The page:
He has sounded his take on atheism, too: "being afraid of God... is ultimately at the root of modern atheism," he said. "Only this God saves us from being afraid of the world and from anxiety before the emptiness of life."

Therefore, Prof. Myers and my fellow Pharyngulaphiles, His Holiness enjoins us to shun atheism in order to get a relief from the emptiness of our lives, by filling it up with as much rubbish as possible. You know what to do, don't you?


Blogger geek goddess said...

I agree with your comparisons between Jihad and the crusades of the middle ages. The fact remains however, that the Western (predominantly) Christian world has gotten over its crusading habits at least overtly today. One hopes that Islam being a newer religion will also get to at least this stage eventually. Otherwise it is very true that any religion or any strong faith is a deterrent to logical reasoning and the Pope has contradicted himself, but then, the oldie is doing his job!

Tue Mar 18, 04:23:00 PM EDT  
Blogger Jan Aquarius said...

You think Christianity has gotten over the crusading habits? I know you don't have cable... perhaps you can ask a friend to TiVo some daytime religious TV? You might be surprised...

Mon Mar 24, 02:52:00 PM EDT  
Blogger kaustubh.adhikari said...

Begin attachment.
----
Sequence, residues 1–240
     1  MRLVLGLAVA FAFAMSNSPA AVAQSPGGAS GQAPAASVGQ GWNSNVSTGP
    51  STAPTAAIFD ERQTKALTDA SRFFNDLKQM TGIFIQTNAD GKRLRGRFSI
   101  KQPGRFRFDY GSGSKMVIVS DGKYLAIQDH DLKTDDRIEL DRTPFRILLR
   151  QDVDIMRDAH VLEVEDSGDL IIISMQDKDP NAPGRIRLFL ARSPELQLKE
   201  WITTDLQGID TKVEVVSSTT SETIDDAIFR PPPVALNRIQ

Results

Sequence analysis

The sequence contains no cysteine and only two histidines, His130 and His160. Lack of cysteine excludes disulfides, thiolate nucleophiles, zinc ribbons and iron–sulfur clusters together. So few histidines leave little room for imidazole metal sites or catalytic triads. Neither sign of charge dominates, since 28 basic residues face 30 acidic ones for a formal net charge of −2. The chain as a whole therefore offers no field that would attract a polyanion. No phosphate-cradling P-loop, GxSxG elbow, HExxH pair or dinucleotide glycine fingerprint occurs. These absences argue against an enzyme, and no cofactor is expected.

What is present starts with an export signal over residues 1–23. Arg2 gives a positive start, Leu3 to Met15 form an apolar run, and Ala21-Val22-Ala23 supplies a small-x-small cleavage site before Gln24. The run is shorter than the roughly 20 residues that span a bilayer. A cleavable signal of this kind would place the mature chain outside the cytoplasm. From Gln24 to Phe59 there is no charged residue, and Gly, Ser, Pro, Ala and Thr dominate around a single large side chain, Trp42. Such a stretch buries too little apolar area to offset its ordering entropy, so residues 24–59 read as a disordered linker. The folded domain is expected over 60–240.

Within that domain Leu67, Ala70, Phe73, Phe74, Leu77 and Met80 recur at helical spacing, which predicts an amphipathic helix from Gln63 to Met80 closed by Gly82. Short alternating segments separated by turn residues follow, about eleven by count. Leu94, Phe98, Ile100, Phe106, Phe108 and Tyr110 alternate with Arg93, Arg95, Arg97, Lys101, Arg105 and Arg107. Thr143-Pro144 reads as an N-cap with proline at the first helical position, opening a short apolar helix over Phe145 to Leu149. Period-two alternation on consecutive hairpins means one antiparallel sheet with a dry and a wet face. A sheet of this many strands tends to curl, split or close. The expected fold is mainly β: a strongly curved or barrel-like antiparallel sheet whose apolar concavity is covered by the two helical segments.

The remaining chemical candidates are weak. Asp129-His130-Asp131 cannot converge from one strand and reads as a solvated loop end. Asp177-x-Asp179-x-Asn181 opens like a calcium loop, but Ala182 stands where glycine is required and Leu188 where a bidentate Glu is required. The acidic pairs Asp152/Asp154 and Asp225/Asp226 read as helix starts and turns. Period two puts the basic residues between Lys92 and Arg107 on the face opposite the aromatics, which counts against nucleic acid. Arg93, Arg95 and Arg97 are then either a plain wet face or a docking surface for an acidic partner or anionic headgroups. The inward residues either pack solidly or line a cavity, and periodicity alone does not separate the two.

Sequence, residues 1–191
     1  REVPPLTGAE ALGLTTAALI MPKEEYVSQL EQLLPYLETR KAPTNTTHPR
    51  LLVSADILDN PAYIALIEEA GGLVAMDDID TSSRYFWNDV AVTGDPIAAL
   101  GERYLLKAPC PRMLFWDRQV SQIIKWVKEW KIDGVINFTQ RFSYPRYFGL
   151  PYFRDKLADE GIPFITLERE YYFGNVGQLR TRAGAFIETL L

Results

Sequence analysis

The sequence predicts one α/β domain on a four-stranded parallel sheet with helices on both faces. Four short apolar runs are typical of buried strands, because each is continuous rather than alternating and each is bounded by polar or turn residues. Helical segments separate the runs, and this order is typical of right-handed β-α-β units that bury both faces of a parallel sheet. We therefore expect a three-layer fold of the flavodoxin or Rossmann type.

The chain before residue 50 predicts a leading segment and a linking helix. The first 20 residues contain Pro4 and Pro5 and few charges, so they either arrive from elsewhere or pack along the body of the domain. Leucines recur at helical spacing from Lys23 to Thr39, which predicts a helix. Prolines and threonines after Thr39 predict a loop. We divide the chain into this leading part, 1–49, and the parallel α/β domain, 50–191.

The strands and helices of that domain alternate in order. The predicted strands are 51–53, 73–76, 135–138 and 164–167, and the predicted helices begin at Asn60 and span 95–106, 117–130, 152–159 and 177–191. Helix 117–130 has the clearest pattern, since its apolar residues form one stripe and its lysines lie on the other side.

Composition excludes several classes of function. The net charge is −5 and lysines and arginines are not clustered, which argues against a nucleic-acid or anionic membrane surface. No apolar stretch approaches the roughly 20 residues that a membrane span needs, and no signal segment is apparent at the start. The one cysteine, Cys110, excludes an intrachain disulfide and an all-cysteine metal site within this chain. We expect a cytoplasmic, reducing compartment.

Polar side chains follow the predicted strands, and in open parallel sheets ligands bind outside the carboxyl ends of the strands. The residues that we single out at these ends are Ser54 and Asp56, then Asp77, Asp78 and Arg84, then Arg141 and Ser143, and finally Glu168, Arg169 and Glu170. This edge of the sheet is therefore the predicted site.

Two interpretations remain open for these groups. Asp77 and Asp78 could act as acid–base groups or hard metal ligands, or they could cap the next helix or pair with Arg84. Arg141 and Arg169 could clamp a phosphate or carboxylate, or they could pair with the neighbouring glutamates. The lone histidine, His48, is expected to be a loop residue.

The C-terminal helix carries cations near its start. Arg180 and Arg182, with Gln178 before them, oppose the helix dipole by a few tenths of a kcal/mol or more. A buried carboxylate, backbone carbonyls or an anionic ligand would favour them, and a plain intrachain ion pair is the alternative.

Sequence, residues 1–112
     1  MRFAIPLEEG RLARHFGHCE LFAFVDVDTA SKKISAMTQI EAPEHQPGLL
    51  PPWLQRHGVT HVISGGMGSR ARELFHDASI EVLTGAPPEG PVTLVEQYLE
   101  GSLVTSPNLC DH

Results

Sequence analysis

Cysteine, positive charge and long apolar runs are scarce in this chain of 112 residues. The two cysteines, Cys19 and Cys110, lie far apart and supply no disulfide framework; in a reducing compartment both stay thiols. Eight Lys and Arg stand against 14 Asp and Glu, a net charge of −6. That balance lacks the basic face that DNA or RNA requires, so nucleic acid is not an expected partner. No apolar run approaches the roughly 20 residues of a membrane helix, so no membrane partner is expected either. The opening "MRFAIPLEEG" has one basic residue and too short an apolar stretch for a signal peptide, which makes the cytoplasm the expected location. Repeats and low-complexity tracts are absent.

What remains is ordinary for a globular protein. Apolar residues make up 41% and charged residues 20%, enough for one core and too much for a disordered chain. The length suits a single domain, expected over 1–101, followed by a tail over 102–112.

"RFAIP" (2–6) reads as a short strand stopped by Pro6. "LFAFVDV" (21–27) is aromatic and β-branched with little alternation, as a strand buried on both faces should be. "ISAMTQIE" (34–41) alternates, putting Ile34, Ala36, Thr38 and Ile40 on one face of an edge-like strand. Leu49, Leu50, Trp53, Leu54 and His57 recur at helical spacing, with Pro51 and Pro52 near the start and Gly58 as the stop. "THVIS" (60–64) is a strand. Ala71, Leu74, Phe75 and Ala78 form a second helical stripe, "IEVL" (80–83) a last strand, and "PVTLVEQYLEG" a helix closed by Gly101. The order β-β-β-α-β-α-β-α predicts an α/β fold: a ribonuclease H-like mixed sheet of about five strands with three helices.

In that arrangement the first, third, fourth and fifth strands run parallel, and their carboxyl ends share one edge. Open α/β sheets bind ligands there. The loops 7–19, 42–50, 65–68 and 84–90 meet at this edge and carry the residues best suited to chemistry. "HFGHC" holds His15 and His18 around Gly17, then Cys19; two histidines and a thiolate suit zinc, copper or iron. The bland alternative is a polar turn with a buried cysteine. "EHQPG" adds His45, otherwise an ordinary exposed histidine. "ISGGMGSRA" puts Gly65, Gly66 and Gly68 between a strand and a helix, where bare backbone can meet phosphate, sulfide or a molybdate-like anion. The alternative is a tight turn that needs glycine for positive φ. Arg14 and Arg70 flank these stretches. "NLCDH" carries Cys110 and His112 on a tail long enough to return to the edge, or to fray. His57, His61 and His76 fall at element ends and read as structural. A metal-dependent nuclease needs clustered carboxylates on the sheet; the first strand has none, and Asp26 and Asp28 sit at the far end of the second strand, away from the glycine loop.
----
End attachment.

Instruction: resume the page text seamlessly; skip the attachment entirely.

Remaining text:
Dont try to understand HH's statements - we have better duties at hand

Tue Mar 25, 12:20:00 AM EDT  
Blogger kaustubh.adhikari said...

Shouldn't Mr. Bush's actions be described as crusades?

Tue Mar 25, 12:22:00 AM EDT  
Blogger geek goddess said...

Baap re! Daggers are drawn I see. I have no intention of defending Bush or Christains or the Pope. Please note my use of the word "overt". Missionary activity which lures tribals and poor minorities to christianity could be called covert crusading perhaps. What I meant was there are no plane highjackings in the name of Jesus.

Regarding Bush. We seem to conveniently forget 9/11 was what led him into Islamic lands in the first place. The US is not a soft target like India which keeps getting hit from within and without and doles out rehab packages to terrorists. Once again, i am not defending dubya, but those who are call him a crusader need to find a word for Clinton who had no business attacking Serbia (an Orthodox christian nation) to "free" mainly-muslim Kosovo in 1998.

Tue Mar 25, 05:24:00 PM EDT